Banknote rarities to coin thousands: Vincent Duggleby finds treasures reflecting the world's economic history

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The Independent Online
THE only known example of a First World War Bradbury 5s note in private hands comes up for auction at Spinks on Thursday. The note, signed by Sir John Bradbury, the Secretary to the Treasury, is expected to fetch more than pounds 5,000 and is from the spectacular collection formed by George Webber, a Jersey businessman.

The issue of 5s (25p) notes was to be sanctioned by a special parliamentary bill in July 1918, a few months before the end of the war, in order to combat the hoarding of coins, which were then minted in almost pure silver. The government had second thoughts at the last minute and the bill was never introduced. Notes for 2s6d (12.5p) and 1s (5p) were also printed, bearing Bradbury's signature and later that of his successor, Sir Norman Warren Fisher. There are two Fisher 5s notes in the sale along with a Fisher 1s (estimate pounds 2,500-pounds 3,000).

Mr Webber built up his collection of banknotes and other financial instruments, which he describes as 'representative of world economic history', during the 1970s.

Another rarity to be sold is a Stockholm Bank 10 daler issued in 1666, which is estimated at pounds 3,OOO-4,000. The Dutchman Johan Palmstruck had been given permission to found the first Swedish Bank in 1661 and was responsible for the earliest form of paper currency in Europe, more than 30 years before the Bank of England arrived in 1694.

Very few Bank of England notes from before 1800 have come on to the market, but it is possible to pick up exchequer bills for a more modest outlay and there are two in the Spinks auction from June 1697, for 10s and pounds 5, which should fetch pounds 300 or pounds 400 each.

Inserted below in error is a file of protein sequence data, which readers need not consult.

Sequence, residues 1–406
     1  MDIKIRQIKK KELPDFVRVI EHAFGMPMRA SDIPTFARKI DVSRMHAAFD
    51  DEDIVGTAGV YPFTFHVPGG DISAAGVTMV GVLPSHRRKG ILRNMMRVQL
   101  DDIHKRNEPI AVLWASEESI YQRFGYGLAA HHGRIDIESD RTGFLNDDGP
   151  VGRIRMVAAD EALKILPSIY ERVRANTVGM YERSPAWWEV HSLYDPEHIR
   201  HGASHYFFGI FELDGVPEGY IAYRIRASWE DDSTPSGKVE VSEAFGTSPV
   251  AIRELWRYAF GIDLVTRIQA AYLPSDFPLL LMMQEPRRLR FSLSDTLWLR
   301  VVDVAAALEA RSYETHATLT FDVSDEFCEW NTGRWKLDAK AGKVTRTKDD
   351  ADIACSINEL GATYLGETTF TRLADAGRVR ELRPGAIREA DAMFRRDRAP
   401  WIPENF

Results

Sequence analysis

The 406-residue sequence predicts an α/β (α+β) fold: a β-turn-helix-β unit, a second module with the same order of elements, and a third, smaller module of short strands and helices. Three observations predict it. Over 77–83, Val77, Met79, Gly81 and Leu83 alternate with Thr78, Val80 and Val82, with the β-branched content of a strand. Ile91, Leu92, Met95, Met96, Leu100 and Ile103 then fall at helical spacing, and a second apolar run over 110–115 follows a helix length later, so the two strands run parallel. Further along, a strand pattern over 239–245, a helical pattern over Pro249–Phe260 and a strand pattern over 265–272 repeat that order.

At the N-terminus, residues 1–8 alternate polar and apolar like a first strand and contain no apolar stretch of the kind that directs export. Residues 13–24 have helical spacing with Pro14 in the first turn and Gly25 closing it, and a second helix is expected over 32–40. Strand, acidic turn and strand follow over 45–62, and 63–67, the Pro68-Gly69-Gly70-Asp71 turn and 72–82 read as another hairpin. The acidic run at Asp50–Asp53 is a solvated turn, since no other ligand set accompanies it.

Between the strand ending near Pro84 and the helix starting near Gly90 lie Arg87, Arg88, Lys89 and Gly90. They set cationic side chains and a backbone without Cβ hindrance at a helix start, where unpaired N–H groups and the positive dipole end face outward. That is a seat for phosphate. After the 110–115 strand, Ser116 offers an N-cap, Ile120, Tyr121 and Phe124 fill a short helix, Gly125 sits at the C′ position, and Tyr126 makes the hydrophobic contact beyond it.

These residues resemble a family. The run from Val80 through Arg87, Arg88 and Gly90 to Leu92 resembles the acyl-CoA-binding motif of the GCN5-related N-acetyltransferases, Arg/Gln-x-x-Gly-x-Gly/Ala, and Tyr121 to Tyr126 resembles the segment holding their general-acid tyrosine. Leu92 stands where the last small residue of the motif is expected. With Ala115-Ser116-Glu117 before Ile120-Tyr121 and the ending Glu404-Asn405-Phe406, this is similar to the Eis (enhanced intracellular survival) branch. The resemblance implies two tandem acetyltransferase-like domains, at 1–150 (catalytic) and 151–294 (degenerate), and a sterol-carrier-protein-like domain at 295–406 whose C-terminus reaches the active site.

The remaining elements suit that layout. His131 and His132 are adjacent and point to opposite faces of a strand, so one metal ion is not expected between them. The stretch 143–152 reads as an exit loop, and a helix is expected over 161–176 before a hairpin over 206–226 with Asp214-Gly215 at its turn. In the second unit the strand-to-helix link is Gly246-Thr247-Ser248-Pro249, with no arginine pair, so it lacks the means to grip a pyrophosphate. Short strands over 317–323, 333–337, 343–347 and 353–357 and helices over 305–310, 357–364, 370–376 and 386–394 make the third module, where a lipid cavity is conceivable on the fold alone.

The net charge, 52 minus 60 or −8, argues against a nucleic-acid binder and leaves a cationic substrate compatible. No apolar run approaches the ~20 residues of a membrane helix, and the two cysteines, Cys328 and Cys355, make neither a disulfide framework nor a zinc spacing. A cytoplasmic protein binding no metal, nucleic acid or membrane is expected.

There is also a good selection of 19th century trials and specimens including 36 prepared for the Bank of England by the printers Applegarth and Cowper (estimate pounds 3,OOO-pounds 4,000).

Augustus Applegarth and his partner Edward Cooper came from Croydon and were engaged by the Bank in 1817 to produce notes that were proof against forgery. Over the next four years the Bank spent around pounds 40,000 on experiments by the pair in vain. Their own engravers were able to copy every aspect of the Applegarth and Cowper designs. The trials are complemented by an illustrated report dealing with forgery published in 1819 (estimate pounds l,200-pounds l,500)

Although Bank of England notes are now taken for granted, when the gold sovereign and half sovereign were replaced in 1914 at the outbreak of the First World War by paper notes of pounds 1 and 10s it was the Treasury that produced them. During the Dardanelles campaign in 1915 a number of notes were overprinted in Arabic with the value in silver piastres for the British forces. The pounds 1 (120 piastres) is difficult to find in any condition; the Webber copy is virtually uncirculated and is expected to attract bids of more than pounds 5,000.

Banknote collectors are spoilt for choice, with three large sales in two days ahead of the European Congress of the International Banknote Society*. Following Spinks' auction on 8 October, Phillips has a sale of paper money and old share certificates on 9 October and later the same day Sotheby's has 1400 lots of coins, medals and paper money, including an interesting selection of 19th century provincial bank notes.

*IBNS Congress: Great Western Royal Hotel, London, 10-11 October.

(Photograph omitted)